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The Best Letters of Charles Lamb   By: (1775-1834)

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It may well be that the "Essays of Elia" will be found to have kept their perfume, and the LETTERS OF CHARLES LAMB to retain their old sweet savor, when "Sartor Resartus" has about as many readers as Bulwer's "Artificial Changeling," and nine tenths even of "Don Juan" lie darkening under the same deep dust that covers the rarely troubled pages of the "Secchia Rapita."


No assemblage of letters, parallel or kindred to that in the hands of the reader, if we consider its width of range, the fruitful period over which it stretches, and its typical character, has ever been produced.



Edited with an Introduction


A.D. 1892.



LETTER I. To Samuel Taylor Coleridge II. To Coleridge III. To Coleridge IV. To Coleridge V. To Coleridge VI. To Coleridge VII. To Coleridge VIII. To Coleridge IX. To Coleridge X. To Coleridge XI. To Coleridge XII. To Coleridge XIII. To Coleridge XIV. To Coleridge XV. To Robert Southey XVI. To Southey XVII. To Southey XVIII. To Southey XIX. To Thomas Manning XX. To Coleridge XXI. To Manning XXII. To Coleridge XXIII. To Manning XXIV. To Manning XXV. To Coleridge XXVI. To Manning XXVII. To Coleridge XXVIII. To Coleridge XXIX. To Manning XXX. To Manning XXXI. To Manning XXXII. To Manning XXXIII. To Coleridge XXXIV. To Wordsworth XXXV. To Wordsworth XXXVI. To Manning XXXVII. To Manning XXXVIII. To Manning XXXIX. To Coleridge XL. To Manning XLI. To Manning XLII. To Manning XLIII. To William Godwin XLIV. To Manning XLV. To Miss Wordsworth XLVI. To Manning XLVII. To Wordsworth XLVIII. To Manning XLIX. To Wordsworth L. To Manning LI. To Miss Wordsworth LII. To Wordsworth LIII. To Wordsworth LIV. To Wordsworth LV. To Wordsworth LVI. To Southey LVII. To Miss Hutchinson LVIII. To Manning LIX. To Manning LX. To Wordsworth LXI. To Wordsworth LXII. To H. Dodwell LXIII. To Mrs. Wordsworth LXIV. To Wordsworth LXV. To Manning LXVI. To Miss Wordsworth LXVII. To Coleridge LXVIII. To Wordsworth LXIX. To John Clarke LXX. To Mr. Barren Field LXXI. To Walter Wilson LXXII. To Bernard Barton LXXIII. To Miss Wordsworth LXXIV. To Mr. and Mrs. Bruton LXXV. To Bernard Barton LXXVI. To Miss Hutchinson LXXVII. To Bernard Barton LXXVIII. To Mrs. Hazlitt LXXIX. To Bernard Barton LXXX. To Bernard Barton LXXXI. To Bernard Barton LXXXII. To Bernard Barton LXXXIII. To Bernard Barton LXXXIV. To Bernard Barton LXXXV. To Bernard Barton LXXXVI. To Wordsworth LXXXVII. To Bernard Barton LXXXVIII. To Bernard Barton LXXXIX. To Bernard Barton XC. To Southey XCI. To Bernard Barton XCII. To J.B. Dibdin XCIII. To Henry Crabb Robinson XCIV. To Peter George Patmore XCV. To Bernard Barton XCVI. To Thomas Hood XCVII. To P.G. Patmore XCVIII. To Bernard Barton XCIX. To Procter C. To Bernard Barton CI. To Mr. Gilman CII. To Wordsworth CIII. To Mrs. Hazlitt CIV. To George Dyer CV. To Dyer CVI. To Mr. Moxon CVII. To Mr. Moxon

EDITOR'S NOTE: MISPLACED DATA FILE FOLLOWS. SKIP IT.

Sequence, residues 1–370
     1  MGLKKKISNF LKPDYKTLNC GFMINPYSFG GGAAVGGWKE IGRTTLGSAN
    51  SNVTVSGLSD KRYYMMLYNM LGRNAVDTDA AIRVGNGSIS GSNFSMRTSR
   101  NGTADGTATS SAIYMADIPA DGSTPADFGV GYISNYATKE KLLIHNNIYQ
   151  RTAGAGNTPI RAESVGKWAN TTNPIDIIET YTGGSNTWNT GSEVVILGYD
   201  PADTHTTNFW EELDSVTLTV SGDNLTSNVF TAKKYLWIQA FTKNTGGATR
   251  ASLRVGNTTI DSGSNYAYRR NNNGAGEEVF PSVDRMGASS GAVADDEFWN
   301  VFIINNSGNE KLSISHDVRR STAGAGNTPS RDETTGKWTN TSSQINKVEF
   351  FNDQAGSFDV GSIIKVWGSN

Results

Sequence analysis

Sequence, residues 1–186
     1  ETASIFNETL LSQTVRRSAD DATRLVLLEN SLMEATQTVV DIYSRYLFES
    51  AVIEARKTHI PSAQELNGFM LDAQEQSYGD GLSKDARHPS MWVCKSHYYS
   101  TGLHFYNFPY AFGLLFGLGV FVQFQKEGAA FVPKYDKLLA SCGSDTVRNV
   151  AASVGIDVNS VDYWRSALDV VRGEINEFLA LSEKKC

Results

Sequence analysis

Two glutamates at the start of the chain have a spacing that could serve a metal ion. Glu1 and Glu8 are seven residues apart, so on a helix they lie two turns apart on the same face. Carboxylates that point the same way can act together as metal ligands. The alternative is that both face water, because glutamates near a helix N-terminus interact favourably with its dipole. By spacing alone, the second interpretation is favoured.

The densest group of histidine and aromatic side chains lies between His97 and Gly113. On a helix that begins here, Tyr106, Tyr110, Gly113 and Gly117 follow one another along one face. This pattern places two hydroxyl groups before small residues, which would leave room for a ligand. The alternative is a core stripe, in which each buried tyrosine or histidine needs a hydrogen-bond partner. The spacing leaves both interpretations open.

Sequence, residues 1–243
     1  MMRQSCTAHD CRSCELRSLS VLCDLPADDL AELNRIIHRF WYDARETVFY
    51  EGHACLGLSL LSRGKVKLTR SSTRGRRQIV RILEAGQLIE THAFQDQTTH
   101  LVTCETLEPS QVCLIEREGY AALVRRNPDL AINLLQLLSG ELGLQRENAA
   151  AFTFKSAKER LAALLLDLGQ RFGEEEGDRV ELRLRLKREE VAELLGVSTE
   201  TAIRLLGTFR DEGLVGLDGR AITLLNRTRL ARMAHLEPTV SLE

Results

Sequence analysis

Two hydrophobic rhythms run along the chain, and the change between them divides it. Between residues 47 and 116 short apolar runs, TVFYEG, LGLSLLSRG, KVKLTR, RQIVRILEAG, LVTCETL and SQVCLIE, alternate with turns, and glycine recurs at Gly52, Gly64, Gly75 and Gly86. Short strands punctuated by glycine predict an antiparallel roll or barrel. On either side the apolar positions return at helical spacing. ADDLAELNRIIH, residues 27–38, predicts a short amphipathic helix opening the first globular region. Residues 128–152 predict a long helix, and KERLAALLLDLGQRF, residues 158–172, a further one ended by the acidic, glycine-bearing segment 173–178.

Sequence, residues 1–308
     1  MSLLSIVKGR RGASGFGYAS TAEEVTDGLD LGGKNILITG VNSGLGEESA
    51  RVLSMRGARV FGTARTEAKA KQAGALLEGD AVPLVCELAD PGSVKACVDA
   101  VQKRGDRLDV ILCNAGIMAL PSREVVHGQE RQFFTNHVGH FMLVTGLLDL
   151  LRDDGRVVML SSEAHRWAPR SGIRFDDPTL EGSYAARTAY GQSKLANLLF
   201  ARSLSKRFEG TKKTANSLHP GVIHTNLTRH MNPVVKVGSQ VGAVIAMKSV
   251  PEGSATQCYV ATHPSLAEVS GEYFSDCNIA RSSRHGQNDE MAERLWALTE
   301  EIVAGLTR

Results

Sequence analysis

No writer, perhaps, since the days of Dr. Johnson has been oftener brought before us in biographies, essays, letters, etc., than Charles Lamb. His stammering speech, his gaiter clad legs, "almost immaterial legs," Hood called them, his frail wisp of a body, topped by a head "worthy of Aristotle," his love of punning, of the Indian weed, and, alas! of the kindly production of the juniper berry (he was not, he owned, "constellated under Aquarius"), his antiquarianism of taste, and relish of the crotchets and whimsies of authorship, are as familiar to us almost as they were to the group he gathered round him Wednesdays at No... Continue reading book >>

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